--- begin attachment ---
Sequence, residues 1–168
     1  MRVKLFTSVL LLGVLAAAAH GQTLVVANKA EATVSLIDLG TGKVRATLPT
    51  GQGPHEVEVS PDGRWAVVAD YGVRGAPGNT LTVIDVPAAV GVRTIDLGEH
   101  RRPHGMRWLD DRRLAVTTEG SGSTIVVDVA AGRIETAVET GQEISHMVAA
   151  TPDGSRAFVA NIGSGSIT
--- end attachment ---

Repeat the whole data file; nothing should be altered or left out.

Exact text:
Sequence, residues 1–168
     1  MRVKLFTSVL LLGVLAAAAH GQTLVVANKA EATVSLIDLG TGKVRATLPT
    51  GQGPHEVEVS PDGRWAVVAD YGVRGAPGNT LTVIDVPAAV GVRTIDLGEH
   101  RRPHGMRWLD DRRLAVTTEG SGSTIVVDVA AGRIETAVET GQEISHMVAA
   151  TPDGSRAFVA NIGSGSIT